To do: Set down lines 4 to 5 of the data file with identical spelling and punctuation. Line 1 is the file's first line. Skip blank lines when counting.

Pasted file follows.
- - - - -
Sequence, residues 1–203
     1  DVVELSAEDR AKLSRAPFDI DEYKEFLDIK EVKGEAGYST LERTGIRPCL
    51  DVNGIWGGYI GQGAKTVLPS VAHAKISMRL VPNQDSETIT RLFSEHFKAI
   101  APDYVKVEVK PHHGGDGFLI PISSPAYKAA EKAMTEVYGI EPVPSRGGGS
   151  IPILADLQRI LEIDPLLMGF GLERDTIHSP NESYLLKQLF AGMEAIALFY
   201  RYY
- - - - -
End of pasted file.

   101  APDYVKVEVK PHHGGDGFLI PISSPAYKAA EKAMTEVYGI EPVPSRGGGS
   151  IPILADLQRI LEIDPLLMGF GLERDTIHSP NESYLLKQLF AGMEAIALFY